Terpenes are aromatic molecules that provide plants with their distinctive fragrances. Cannabis is a particularly aromatic plant with high concentrations of terpenes.
These essential oils also take part in the entourage effect. When combined with THC, CBD, and other cannabinoids, they create a unique synergy known as the entourage effect — the sum of all cannabis compounds offers greater therapeutic potential than each one alone.
Terpenes help decide whether your weed strain will act as a stimulant or depressant.
Citrusy, piney, and tropical aromas will give you cerebral effects redolent of stimulants.
But when you smoke skunky weed that smells like damp earth, diesel, and sweet fruits, you can expect effects similar to depressants — especially in high doses.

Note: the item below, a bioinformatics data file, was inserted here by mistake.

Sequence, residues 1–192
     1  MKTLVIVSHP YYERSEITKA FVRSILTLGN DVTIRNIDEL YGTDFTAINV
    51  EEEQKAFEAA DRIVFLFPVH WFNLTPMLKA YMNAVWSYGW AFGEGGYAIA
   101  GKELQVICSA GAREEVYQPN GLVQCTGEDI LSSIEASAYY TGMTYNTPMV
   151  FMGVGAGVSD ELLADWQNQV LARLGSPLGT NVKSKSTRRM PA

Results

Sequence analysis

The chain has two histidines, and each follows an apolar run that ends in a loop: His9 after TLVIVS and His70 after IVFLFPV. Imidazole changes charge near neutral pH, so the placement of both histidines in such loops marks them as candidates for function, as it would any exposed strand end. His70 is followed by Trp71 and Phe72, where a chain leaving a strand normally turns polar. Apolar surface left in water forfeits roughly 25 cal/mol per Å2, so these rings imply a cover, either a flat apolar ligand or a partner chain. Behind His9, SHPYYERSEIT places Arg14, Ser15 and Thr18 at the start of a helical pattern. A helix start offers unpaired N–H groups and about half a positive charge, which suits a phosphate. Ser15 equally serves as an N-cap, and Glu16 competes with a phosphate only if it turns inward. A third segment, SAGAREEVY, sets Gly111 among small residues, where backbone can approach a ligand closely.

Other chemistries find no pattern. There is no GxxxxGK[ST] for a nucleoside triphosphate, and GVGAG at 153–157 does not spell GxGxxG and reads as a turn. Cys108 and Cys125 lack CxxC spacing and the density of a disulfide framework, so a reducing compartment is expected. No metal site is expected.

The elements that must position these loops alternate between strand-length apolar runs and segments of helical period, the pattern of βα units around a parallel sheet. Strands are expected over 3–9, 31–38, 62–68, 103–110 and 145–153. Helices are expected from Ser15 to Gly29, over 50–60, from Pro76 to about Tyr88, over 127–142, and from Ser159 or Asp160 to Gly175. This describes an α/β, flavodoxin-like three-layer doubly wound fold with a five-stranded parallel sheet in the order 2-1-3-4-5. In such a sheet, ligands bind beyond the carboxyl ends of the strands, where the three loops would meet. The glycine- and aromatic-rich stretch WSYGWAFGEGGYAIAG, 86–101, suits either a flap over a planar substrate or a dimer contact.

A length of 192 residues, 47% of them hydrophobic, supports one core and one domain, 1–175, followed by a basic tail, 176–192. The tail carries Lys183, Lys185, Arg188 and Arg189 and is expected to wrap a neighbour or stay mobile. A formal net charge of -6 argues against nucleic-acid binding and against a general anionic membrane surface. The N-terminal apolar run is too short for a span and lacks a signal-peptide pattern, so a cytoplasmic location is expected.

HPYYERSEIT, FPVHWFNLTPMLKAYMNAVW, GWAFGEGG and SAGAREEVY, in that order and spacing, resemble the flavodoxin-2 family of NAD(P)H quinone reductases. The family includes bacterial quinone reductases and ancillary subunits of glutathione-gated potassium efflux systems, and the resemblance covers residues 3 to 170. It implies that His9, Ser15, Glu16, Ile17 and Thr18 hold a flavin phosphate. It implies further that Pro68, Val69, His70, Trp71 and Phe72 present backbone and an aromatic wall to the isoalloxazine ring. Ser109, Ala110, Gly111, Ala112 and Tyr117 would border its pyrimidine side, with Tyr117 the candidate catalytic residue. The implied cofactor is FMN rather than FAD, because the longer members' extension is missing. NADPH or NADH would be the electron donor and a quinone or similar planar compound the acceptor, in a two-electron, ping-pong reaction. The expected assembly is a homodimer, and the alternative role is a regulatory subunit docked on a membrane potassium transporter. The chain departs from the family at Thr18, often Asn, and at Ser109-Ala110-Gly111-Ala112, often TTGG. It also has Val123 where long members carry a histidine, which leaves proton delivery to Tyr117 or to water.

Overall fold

Other Factors To Consider
Terpenes and cannabinoids aside, your weed can have both stimulant and depressant effects, depending on individual factors, such as dosage, consumption method, and personal differences in sensitivity to THC.
1. Low vs. High Dose
Most people enjoy the buzz from cannabis. Low and threshold doses are well-tolerated, but certain individuals are susceptible to the psychedelic effects of THC. Such users may experience the biphasic effect of cannabis. Higher doses instill anxiety, paranoia, and increased heart rate for them.
Always consume cannabis in a safe environment, surrounded by people you feel safe around — and with no hidden emotions or fears at the time of consumption.
Low doses of THC can increase alertness, focus, and productivity. That’s why some people microdose marijuana to get better results.
What’s considered a high or low dose depends on individual factors such as tolerance, weight, and consumption method.
Because of that, there are no universal figures for low and high doses of THC. Everybody’s different, and what one person considers a high dose may be a threshold or microdose for another.
However, first-time users and occasional smokers can use the following ranges: